I have recently written three answers with recommendations for the product where I'm a developer. In answers I pointed out clearly that I'm developer and that the product is commercial. Answers were relevant to the question and contained an explanation of how the question author can use the product to solve his or her issues. One answer got +1 vote.

Nevertheless those answers have been deleted by the moderator without giving any reason. I read the FAQ and related discussions and cannot determine the reason of removal. Can you please explain the problem?

Questions and my answers: https://gist.github.com/bobrnor/8456213

Direct links to deleted answers:

  • 7
    Could you quote your answers and link to the questions. Its hard to talk in generalities Jan 16, 2014 at 14:42
  • 6
    Maybe because you are answering for the purpose of promoting your product instead of solving a programing problem? If you answer multiple questions with fairly similar answers, you are probably here for the wrong reasons.
    – Antony
    Jan 16, 2014 at 14:43
  • 5
    Were your answers linking directly to this $400 product in your answers? Were you just posting a link to the product? If so, that would most likely be received as spam and will be deleted. I know that I have run across many spam-like answers lately pointing to that product.
    – Taryn
    Jan 16, 2014 at 14:47
  • I added a link to the questions and my answers
    – Daniil
    Jan 16, 2014 at 14:55
  • 4
    @Daniil Based on your github link are you the same user as this? As I said before, I know for a fact that that other account posted many answers that were basically spam links to your product.
    – Taryn
    Jan 16, 2014 at 14:59
  • 6
    "I have recently written three answers with recommendations for the product where I'm a developer." That's your problem right there. Some background: Limits for self-promotion in answers Defining the limits of self-promotion What signifies “Good” self promotion? (or: Self Promotion Part Infinity). Jan 16, 2014 at 15:00
  • Are you sure they were deleted by a Moderator and not flagged as spam by multiple users?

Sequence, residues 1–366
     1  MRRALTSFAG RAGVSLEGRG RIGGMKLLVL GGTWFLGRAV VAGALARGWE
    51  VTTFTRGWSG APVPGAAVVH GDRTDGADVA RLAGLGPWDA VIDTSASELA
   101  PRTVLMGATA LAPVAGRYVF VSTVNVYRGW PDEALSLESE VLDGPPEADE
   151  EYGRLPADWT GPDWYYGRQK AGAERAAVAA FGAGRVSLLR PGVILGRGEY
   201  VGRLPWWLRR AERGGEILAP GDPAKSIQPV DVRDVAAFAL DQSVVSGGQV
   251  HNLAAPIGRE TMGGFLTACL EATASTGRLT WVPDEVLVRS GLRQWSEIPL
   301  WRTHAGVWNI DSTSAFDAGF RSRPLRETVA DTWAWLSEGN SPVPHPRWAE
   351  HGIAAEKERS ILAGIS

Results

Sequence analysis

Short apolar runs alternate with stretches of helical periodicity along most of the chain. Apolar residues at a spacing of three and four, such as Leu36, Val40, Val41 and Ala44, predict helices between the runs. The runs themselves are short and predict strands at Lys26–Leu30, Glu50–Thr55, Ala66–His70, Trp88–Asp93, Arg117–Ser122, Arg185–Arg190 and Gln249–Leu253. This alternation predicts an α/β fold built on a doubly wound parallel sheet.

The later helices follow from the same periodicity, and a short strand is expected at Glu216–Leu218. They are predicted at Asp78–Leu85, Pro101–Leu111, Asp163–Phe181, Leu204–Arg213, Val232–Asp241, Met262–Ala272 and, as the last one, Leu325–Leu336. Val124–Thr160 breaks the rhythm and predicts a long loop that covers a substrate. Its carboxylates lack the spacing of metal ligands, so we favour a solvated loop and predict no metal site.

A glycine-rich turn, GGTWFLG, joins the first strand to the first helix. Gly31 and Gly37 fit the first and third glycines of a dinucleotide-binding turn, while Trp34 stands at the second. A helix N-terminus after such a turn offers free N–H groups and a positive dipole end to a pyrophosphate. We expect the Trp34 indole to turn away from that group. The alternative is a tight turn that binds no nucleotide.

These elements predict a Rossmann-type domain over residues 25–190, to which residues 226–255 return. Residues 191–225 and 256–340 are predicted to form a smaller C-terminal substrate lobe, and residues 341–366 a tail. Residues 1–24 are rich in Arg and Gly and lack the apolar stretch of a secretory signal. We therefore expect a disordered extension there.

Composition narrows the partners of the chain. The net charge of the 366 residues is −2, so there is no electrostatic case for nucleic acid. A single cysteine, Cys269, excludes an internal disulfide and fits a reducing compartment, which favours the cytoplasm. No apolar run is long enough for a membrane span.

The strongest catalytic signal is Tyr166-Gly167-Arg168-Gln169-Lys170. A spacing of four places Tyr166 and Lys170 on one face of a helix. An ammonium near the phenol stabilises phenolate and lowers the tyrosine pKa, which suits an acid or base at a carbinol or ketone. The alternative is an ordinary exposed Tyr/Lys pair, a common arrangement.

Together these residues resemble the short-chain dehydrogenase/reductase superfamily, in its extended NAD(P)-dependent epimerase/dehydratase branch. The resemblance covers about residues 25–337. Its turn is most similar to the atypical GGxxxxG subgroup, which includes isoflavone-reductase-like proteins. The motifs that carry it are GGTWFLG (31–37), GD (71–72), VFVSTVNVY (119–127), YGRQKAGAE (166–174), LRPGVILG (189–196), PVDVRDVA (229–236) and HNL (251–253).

– ale
    Jan 16, 2014 at 15:11
  • @AlE. Yes. It was a mod.
    – Servy
    Jan 16, 2014 at 15:12
  • I can't say that it was the same user, @bluefeet, but you are absolutely right about the ... very strange timing. Also; the three answers this user posted also all had answers from that previous user. Jan 16, 2014 at 21:33

4 Answers 4


The first question is off topic anyway as a library recommendation question so I'm going to ignore that one.

The other two ask on how to do something. The answers you gave were both "use this library". These answers are not wildly helpful as they don't really explain how to do anything, just suggest something to use.

An analogy:

Question: How do I dig a hole (circa 10,000BCE)

Bad answer:
I've developed a device called a spade, use it

Good answer:
This can be achieved using a spade, place the spade against the ground. Push into the ground, applying pressure with the foot if necessary, lift out earth. Repeat

Disclaimer: I have worked on the development of the spade and it may cost money to buy from your local hardware store

What you could have done instead

What would have made a useful answer would have been outlining how to actually do what the question asks. Now this might have used your library, but it would have focused on the actual task rather than being effectively an advert. Even so, while its fine for some of your answers to use your own products, it is generally considered bad form for that to be your sole activity on the site.

  • I don't think that directing a user to a commercial product, even with instruction on how to use it (your spade analogy), for the majority (or entirety) of your answers is going to be acceptable. -1
    – Mr.Wizard
    Jan 16, 2014 at 15:05
  • 6
    @Mr.Wizard I disagree. Jan 16, 2014 at 15:06
  • 2
    @Mr.Wizard If it answers the question its an answer. It can be a bad answer. You may disaprove of it, you may downvote it. But it is an answer Jan 16, 2014 at 15:07
  • @GeorgeStocker So even if all of a user's answers reference a commercial product that is acceptable? That appears to directly contravene the paragraph I quoted in my answer.
    – Mr.Wizard
    Jan 16, 2014 at 15:11
  • Your analogy might have been better if the bad answer was "I've developed a device called the Super Spade 3000™ that does the digging for you, try it!". Jan 16, 2014 at 15:26
  • 1